The Georgia Supreme Court has upheld the conviction of a Marion County woman who with her husband murdered a roommate in Mauk and marked the body to make the homicide look like a hate crime.
Donna Slaughter told investigators she creeped up behind and shot 21-year-old Michael Haegele in the back of the head May 6, 2010, because she was jealous that Haegele and her husband Jason Slaughter were having a homosexual affair.
But authorities decided Jason Slaughter wanted Haegele dead, too, because he had made himself the beneficiary of an online life-insurance policy hed bought on Haegele, whose death marked the second time Slaughter tried such a ruse, they said.
Having met Slaughter online, Haegele moved from St. Louis, Mo., to live with the couple in a trailer in Mauk. He lived there about a year before children on a school bus saw his body May 7, 2010, alongside Butler Mill Road in Macon County, where the Slaughters had dumped it.
The body bore no identification, and was marked with slurs such as fag, KKK and hell. Haegeles identity remained a mystery until Slaughter, hoping to collect the insurance, called authorities to say the body theyd found must be his missing roommate.
Investigators searching the trailer found love letters the two men had sent each other and the $500,000 life-insurance policy, and arrested Jason Slaughter. Donna Slaughter later insisted that she had killed Haegele, not her husband. She said she got a gun from her bedroom, put one bullet in it, crouched behind a couch on which Haegele was sitting and shot him from behind. After pushing him to the floor, she and her spouse loaded Haegeles body into a big plastic bin to collect the blood.
Besides writing epithets on the body to make the homicide seem a hate crime, Donna Slaughter also hit it with a hammer to give the appearance of a beating. After dusk, they loaded the body into a small red pickup and drove about 30 miles from their Palm Drive home to dump it at the county line, where a witness saw the vehicle and later described it.
The Slaughters were tried separately. On Nov. 1, 2012, a jury found Donna Slaughter guilty of murder, concealing a death, tampering with evidence and using a firearm to commit a crime. She was sentenced to life in prison.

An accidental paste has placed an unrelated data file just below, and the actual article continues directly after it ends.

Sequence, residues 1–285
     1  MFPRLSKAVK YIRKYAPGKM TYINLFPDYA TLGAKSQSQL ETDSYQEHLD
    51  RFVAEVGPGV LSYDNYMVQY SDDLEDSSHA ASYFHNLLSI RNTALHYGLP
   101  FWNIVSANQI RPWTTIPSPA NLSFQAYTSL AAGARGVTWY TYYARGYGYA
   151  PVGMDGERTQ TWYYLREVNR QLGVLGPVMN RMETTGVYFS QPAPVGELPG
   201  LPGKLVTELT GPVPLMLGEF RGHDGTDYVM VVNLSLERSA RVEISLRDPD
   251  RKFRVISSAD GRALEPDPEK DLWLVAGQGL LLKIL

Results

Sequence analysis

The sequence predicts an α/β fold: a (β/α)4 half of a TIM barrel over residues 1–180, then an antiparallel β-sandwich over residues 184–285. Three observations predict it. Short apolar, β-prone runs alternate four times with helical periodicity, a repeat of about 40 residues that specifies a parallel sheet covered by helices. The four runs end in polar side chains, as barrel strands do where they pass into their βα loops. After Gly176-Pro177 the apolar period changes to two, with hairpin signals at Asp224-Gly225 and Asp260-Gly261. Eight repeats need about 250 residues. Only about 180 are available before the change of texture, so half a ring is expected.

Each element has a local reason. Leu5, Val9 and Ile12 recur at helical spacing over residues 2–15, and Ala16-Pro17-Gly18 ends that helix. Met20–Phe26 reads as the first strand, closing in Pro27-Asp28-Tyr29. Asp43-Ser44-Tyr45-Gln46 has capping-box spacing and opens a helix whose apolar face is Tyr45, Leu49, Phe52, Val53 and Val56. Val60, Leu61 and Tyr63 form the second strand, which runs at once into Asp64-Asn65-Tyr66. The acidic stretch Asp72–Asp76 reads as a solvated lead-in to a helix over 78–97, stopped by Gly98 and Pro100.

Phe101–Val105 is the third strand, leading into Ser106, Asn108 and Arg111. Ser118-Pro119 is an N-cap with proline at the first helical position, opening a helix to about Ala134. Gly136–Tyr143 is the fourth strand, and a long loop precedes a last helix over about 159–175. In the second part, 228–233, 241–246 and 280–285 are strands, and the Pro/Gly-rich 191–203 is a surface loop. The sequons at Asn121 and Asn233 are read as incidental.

Jason Slaughter was convicted Aug. 15, and given the same sentence, with the result that each will spend at least 40 years in prison before becoming eligible for parole.
In her appeal, Donna Slaughter claimed the judge should have declared a mistrial when the jury saw a video recording of her interview with investigators, during which a Georgia Bureau of Investigation agent asked her if shed had a polygraph test, and she replied that she had. The results of the test were not discussed.
Polygraph tests are not admissible as evidence in a trial.
When this came up during the trial, the judge stopped the presentation of evidence to instruct the jury to disregard the polygraph reference.
The Georgia Supreme Court said that since the test results were not mentioned, the revelation was not prejudicial, so she failed to show that a mistrial was essential to her right to a fair trial, especially here where the trial court gave an immediate curative instruction admonishing the jury to disregard the reference to the polygraph test.
Jason Slaughter had two policies from Household Life Insurance Company. Besides Haegeles life, Jason Slaughter on June 15, 2007, bought a policy on Christopher P. Masters, a 22-year-old who was shot in the back of the head on Dec. 14, 2007, in New Castle County, Del.
There Jason Slaughter had told police Masters was killed during a home invasion in which Slaughter also was hit by a blast of shotgun pellets. The beneficiary of Masters' policy also was Jason Slaughter, but it never paid off because Slaughter, under suspicion of having committed the homicide, never tried to collect, investigators said.